About the author:
Four years, four Broadway musicals: That’s the enviable resume of Tituss Burgess, who has come a long way since arriving in New York with a B.A. in music from the University of Georgia. Though his first show didn’t last long Good Vibrations, Burgess has moved onward and upward ever since, from small parts in Jersey Boys to Sebastian the Crab in Disney’s The Little Mermaid and now Nicely-Nicely Johnson, Nathan Detroit’s lovable sidekick in Guys and Dolls. Away from the theater, Burgess has released a solo CD with an R&B flavor, Here’s to You. How did a talented young singer from Athens, Georgia, move from playing a Caribbean crustacean to a gambler with a New York accent? Read on for the details.
Everything was going swimmingly—and then I hurt my foot. It was August of 2008, and by that point I had been starring as Sebastian in The Little Mermaid for about a year. Then, after a sharp pain in my foot and a visit to the doctor, I was told I’d have to be out for three months because of a stress fracture. The folks at Disney were very supportive and made it clear they would welcome me back for another contract after I had healed.
Day one of my medical leave, I got a call from my agent saying that director Des McAnuff wanted me to play Nicely-Nicely Johnson in his new Broadway revival of Guys and Dolls. I was flattered, but politely said I wasn’t really interested. Believe it or not, I had never seen the show and had never read the script! I knew that everyone really seemed to love Guys and Dolls, but my plan was to go back to Mermaid when my foot healed. I was perfectly content in that role and got to sing two of the most famous songs in the Disney canon, “Under the Sea” and “Kiss the Girl.”
Before Mermaid, I had the pleasure of working with Des on a production of The Wiz at La Jolla Playhouse as the Cowardly Lion. Sebastian and the Lion are perhaps the most fun I’ve had to date, but there is something a tad tedious about trying to bring human emotion to animals on stage. All the makeup and costuming can be difficult to work through. My agent very quickly threw this fact in my face. Ugh…the nerve. So, I went back and asked if I could at least read the script of Guys and Dolls. After that, I quickly changed my tune and was thrilled to join the company.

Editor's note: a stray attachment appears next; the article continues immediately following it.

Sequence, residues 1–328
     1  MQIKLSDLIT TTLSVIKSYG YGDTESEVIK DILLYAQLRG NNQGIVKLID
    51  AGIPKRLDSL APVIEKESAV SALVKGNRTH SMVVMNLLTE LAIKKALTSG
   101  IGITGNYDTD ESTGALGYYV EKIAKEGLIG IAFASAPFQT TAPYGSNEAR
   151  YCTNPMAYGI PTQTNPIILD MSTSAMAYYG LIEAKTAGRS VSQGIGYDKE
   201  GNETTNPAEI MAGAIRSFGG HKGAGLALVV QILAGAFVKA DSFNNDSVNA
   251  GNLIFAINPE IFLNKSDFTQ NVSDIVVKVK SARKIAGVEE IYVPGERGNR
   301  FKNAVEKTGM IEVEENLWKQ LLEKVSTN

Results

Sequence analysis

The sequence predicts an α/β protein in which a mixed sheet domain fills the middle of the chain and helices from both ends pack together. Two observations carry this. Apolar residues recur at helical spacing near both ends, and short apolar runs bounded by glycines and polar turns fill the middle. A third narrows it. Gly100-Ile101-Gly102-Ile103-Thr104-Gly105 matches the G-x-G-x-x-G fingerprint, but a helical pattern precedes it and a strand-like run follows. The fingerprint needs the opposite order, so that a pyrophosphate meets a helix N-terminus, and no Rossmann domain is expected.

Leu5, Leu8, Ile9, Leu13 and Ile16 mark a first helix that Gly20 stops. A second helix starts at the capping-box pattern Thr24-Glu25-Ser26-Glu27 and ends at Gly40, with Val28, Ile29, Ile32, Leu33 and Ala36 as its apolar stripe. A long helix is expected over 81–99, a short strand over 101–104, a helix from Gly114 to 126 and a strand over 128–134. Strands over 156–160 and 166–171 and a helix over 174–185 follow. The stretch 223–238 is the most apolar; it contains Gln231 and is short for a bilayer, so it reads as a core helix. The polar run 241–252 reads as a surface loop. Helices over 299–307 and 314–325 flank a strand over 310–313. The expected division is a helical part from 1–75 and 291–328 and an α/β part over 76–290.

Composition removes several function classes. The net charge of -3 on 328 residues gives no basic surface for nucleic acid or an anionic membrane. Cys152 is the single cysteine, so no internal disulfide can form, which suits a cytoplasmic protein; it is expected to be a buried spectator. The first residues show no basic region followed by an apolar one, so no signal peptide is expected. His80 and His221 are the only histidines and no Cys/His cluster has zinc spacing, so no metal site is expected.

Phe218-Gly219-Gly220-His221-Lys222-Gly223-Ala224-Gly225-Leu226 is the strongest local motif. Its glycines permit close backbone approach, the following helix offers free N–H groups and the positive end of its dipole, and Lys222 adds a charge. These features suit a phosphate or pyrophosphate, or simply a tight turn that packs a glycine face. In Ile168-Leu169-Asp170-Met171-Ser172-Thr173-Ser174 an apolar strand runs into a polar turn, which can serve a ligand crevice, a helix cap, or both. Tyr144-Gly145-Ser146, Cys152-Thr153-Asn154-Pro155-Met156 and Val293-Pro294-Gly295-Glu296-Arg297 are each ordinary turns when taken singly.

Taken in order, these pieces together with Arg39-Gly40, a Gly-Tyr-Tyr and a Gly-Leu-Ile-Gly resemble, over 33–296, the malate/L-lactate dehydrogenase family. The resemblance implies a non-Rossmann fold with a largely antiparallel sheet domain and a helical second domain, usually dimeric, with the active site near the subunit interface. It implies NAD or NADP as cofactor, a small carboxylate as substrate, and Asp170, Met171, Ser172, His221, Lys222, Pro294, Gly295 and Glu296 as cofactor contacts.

Nicely-Nicely is a fun character to play. He’s a simple guy with two addictions, food and gambling, and I get the feeling he isn’t so great at gambling. He is, however, an expert eater! Finding him was tricky for me. I lost a lot of weight over the summer, only to find myself in a role wearing a fat suit. Ah, the irony!
Working with this cast has been a real treat. During rehearsals I worked very closely with Oliver Platt, who plays Nathan Detroit, and he taught me a great deal about process—mainly how to enjoy it and take full advantage of the evolution of a role. Craig Bierko is a natural fit as Sky, and our leading ladies are dreams to work with. Lauren Graham and Kate Jennings Grant have worked magic with the roles of Adelaide and Sarah, and have come up with something so original.
During the course of the show, Nicely-Nicely sings three of the best written songs in musical theater history, “Fugue for Tinhorns,” “Guys and Dolls” and “Sit Down, You’re Rockin’ the Boat.” The latter comes out of nowhere, and it doesn’t sound anything like the rest of the score. I thought, “How odd, and how GENIUS!”
Our music director, Ted Sperling, his team and I cooked up a really cool arrangement of “Sit Down, You’re Rockin’ the Boat.” It takes a lot of stamina to do it. We’d been working and working on it in rehearsals, and then the first preview was upon us—and it was finally time for the song. You could feel the audience’s excitement. Me? I wanted to run and hide! I’m serious. I’ve never experienced nerves like that before. All of a sudden the song was over, and sweat was pouring down my face. I didn’t even remember performing it.
I suppose I did OK...I still have my job! And I plan to rock the boat as much as possible during this run!